The summer heat drives everyone to the beach, but did you know the United States Lifesaving Association reported 95,023 near-drowning rescues and 164 fatalities in 2015 at various beaches across the country?
That doesn’t mean you have to roll up your towel and stay inside all summer. But if you’re heading out for a beach vacation, don’t get caught up in the fun and forget about safety.
Remember These 5 Important Water Safety Tips
1. Test Flotation Devices Before Use
Whether you’re at the beach or the pool, young swimmers should always have flotation devices—life vests, water noodles, inflatable tubes—but it’s not enough to hand one over, then kick back and rest your eyes.
Check the flotation device before letting your child use it in the water. When swimming in a pool or shallow beach waters, simply tossing it in and putting some weight on it will let you know it works.
If you’re going out in a boat however, you need to make sure all flotation devices meet the U.S. Coast Guard’s requirements for your child’s age and the swimming environment. Check specific requirements here before buying anything.
2. Learn CPR and Lifeguarding Skills
Not everyone has a CPR certification, so if you don’t, make sure someone in your vacation group does. Check beforehand, and if no one is certified, consider doing so yourself.
The short course can be taken at most Red Cross locations across the country. It costs around $70 and the CPR/AED class takes less than two hours to complete. Get online and head to RedCross.org to find a training course near you.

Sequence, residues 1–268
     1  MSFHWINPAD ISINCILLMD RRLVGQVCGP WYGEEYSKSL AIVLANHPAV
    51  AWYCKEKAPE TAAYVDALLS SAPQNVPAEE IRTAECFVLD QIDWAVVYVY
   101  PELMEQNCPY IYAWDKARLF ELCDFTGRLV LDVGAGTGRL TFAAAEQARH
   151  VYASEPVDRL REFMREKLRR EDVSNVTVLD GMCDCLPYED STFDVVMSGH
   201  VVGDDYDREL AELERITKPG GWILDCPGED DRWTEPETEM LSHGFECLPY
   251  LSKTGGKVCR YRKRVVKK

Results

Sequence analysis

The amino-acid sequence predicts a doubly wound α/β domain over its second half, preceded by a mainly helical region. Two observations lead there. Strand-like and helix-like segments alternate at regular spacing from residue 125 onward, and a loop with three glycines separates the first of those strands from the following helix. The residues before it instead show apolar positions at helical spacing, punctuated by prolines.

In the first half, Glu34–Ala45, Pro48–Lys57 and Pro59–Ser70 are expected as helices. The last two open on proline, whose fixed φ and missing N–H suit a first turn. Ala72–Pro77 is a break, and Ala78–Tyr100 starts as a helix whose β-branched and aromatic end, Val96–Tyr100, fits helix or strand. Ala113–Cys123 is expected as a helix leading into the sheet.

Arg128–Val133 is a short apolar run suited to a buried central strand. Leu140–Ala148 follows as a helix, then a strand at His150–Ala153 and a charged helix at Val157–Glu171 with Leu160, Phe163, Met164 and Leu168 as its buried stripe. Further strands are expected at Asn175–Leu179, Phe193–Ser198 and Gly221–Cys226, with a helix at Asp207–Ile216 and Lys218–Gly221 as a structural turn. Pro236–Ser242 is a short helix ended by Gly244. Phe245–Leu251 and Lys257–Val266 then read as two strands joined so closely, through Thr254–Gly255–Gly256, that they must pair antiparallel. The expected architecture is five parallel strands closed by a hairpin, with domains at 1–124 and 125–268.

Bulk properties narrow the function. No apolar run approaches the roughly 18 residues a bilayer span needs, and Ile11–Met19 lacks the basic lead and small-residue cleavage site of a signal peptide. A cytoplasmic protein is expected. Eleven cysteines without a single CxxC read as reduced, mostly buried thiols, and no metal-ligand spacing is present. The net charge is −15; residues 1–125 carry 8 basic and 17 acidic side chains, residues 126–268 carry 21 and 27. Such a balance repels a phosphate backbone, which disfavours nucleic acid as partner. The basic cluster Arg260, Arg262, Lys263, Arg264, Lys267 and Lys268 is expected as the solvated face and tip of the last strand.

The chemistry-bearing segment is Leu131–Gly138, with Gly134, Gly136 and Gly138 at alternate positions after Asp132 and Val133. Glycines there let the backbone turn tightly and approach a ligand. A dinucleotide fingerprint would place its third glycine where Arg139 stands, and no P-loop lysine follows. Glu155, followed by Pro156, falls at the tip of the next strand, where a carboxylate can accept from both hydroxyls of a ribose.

3. Review the Safety Rules
A great way to keep water safety at the top everyone’s minds is to review the safety rules at the pool or beach. This is especially helpful for kids, whose only thought is about jumping into the water as quickly as possible.
Take a minute to read through the rules together, allowing kids to ask questions if they don’t understand something. Then, use this moment to discuss your rules as a group—When is it okay to go in the water? Where can the kids swim? How often should they get out to reapply sunscreen?
4. Always Be Aware
It’s easy to slip into vacation mode, kick your feet up and rest your eyes. However, when kids are swimming, it’s important to be in awareness mode at all times—even if there is a lifeguard on duty.
To make this easier for you, give your child boundaries for where he/she can swim. This will make it easier for you to keep track of their whereabouts and avoid that heart attack moment when you don’t see them in your immediate view.
5. Be Smart With Alcohol
Drinking at the beach or around the pool is one of the best parts of vacation. But it can also be dangerous if adults aren’t careful. While no one is here to tell you how much you can drink, be cognoscente of how you’re feeling before going in the water. Alcohol impairs your judgment and your motor skills, making swimming a potentially dangerous drinking activity while drinking on vacation.
If possible, nominate one person to stay sober so if someone tries to do something they shouldn’t, that person is there to rein them in.
Summer vacation is a time to have fun and stay cool by the water, but nothing ruins a vacation like someone getting hurt, or worse. Whether you’re traveling with kids or just a few friends, remember to put safety first. Then, all you have to worry about is having fun and relaxing.
Jessica Thiefels has been writing for more than 10 years. She is currently a lifestyle blogger and the editor of Whooo’s Reading and Carpe Daily. When she's not writing or editing, she's trying new DIY projects around the house or training fitness clients. Follow her on Twitter @Jlsander07.